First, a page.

Shoot Rot of Spikenard Caused by Rhizoctonia solani AG-2-1

Article information

Res. Plant Dis. 2022;28(1):51-53
Publication date (electronic) : 2022 March 31
doi : https://doi.org/10.5423/RPD.2022.28.1.51
1 Wild Vegetable Research Institute, Gangwondo Agricultural Research and Extension Services, Pyeongchang 25300, Korea
2 Global Agro-Consulting Corporation, Suwon 16614, Korea
Corresponding author Tel: +82-31-292-7848 Fax: +82-31-292-7849 E-mail: wgkim5121@naver.com
Received 2022 March 2; 2022 March 24; Accepted 2022 March 24.

Trans Abstract

In January 2021, unusual outbreak of shoot rot symptoms was observed in young spikenard (Aralia cordata) plants growing in vinyl greenhouses located in Chuncheon and Yanggu, Gangwon Province, Korea. The symptoms initially appeared on young shoots of the plants at or above the soil surface level. Later, the infected shoots wholly rotted and blighted. The incidence of diseased plants in the vinyl greenhouses investigated ranged from 5% to 30%. Eight isolates of Rhizoctonia sp. were obtained from shoot lesions of the diseased plants. All the isolates were identified as Rhizoctonia solani AG-2-1 based on the morphological characteristics and anastomosis test. Three isolates of R. solani AG-2-1 were tested for pathogenicity on young shoots of spikenard plants using artificial inoculation. All the tested isolates induced shoot rot symptoms on the inoculated plants. The symptoms were similar to those observed in spikenard plants from the vinyl greenhouses investigated. This is the first report of R. solani AG-2-1 causing shoot rot in spikenard.

Spikenard (Aralia cordata) belongs to the family Araliaceae, and its native range is China, Korea, Japan, Sakhalin, and Taiwan (Plants of the World Online, 2022). The plant has been cultivated in Korea, and young shoots of the plant are used as a vegetable. In January 2021, unusual outbreak of shoot rot symptoms was observed in young spikenard plants growing in vinyl greenhouses located in Chuncheon and Yanggu, Gangwon Province, Korea. The symptoms initially appeared on young shoots of the plants at or above the soil surface level. The infected shoots turned black and rotted (Fig. 1A–C), and severely diseased shoots wholly rotted and blighted. Eight vinyl greenhouses were investigated for the disease incidence in the two locations. One hundred plants in a vinyl greenhouse were investigated for the disease incidence. The disease occurred on the plants in five out of the vinyl greenhouses investigated, and incidence of diseased plants ranged from 5% to 30%.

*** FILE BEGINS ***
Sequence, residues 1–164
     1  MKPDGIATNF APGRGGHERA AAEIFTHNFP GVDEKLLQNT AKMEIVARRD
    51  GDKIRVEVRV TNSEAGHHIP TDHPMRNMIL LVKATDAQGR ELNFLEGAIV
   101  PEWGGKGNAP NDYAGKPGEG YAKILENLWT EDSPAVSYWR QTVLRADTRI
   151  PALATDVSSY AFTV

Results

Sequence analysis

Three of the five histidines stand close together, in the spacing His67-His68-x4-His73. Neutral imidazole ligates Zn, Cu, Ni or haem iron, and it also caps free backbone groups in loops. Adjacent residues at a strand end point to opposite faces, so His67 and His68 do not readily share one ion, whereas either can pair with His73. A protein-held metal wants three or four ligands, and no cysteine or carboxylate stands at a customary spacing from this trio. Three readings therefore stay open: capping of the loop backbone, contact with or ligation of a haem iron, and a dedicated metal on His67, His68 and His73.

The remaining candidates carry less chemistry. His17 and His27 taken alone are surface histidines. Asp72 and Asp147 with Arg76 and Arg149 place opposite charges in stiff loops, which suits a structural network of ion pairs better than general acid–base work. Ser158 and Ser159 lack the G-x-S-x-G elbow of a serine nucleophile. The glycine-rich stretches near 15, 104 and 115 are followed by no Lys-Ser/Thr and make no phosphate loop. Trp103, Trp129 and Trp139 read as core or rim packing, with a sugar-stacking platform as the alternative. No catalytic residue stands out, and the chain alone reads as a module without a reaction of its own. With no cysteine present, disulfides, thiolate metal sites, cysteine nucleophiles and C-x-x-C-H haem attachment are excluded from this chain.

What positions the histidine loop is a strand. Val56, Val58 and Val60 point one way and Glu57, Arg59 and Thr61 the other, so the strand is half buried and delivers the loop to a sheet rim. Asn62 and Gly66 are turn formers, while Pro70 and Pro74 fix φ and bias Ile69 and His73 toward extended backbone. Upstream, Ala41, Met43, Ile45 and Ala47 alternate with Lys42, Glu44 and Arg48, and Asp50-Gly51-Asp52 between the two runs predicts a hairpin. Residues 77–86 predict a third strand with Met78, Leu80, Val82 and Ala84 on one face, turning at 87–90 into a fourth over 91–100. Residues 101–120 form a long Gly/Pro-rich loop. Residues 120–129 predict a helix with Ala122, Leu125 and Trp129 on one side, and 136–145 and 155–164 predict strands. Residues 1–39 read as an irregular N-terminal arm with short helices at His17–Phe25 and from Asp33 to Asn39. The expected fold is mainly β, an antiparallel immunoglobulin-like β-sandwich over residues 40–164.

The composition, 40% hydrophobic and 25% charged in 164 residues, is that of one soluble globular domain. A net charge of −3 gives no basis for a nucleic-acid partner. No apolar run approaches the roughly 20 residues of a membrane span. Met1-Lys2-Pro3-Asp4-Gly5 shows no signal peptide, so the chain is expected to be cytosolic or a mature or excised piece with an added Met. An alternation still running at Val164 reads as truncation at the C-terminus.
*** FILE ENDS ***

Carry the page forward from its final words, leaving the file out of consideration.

Fig. 1.

Shoot rot of spikenard plants. (A–C) Symptoms observed in the vinyl greenhouse investigated. (D, E) Symptoms induced by artificial inoculation tests with Rhizoctonia solani AG-2-1 isolates. (F) Non-inoculated plants (control).

Diseased shoots of spikenard plants were collected from the vinyl greenhouses, and fungal pathogens were isolated from the shoot lesions. The 3–5 mm-long lesion pieces cut from the diseased shoots were surface-sterilized with 1% sodium hypochlorite solution for 1 min and plated on 2% water agar. The fungal mycelia growing from the lesion pieces were transferred to potato dextrose agar (PDA) slants after incubating the plates at 25° C for 2 days. Eight isolates of Rhizoctonia sp. were obtained from the shoot lesions and examined for their morphological characteristics using a compound microscope (Nikon Eclipse Ci-L, Tokyo, Japan). Branching near the distal septum of cells in young vegetative hyphae and constriction of hyphae and formation of septa at short distance from the point of hyphal branches were observed. In addition, the isolates did not produce conidia and clamp connections on hyphae. All the isolates were identified as Rhizoctonia solani Kühn based on the morphological characteristics as per descriptions from previous studies (Parmeter and Whitney, 1970; Sneh et al., 1991).

The R. solani isolates were tested for identification of anastomosis groups using tester isolates of R. solani (AG-1 through AG-5) as previously described (Kim et al., 1994, 2020). All the tested isolates were classified as R. solani AG-2-1. Anastomosis reactions between the tested isolate and the tester isolate of R. solani AG-2-1 are shown in Fig. 2A. The fused cells of the tested isolate and the tester isolate showing killing reactions were stained blue with 0.1% aniline blue solution. The colony of the isolates cultured on PDA displayed brown to reddish brown mycelia with concentric zones (Fig. 2B). Sclerotia were mostly formed in the concentric zones on the medium.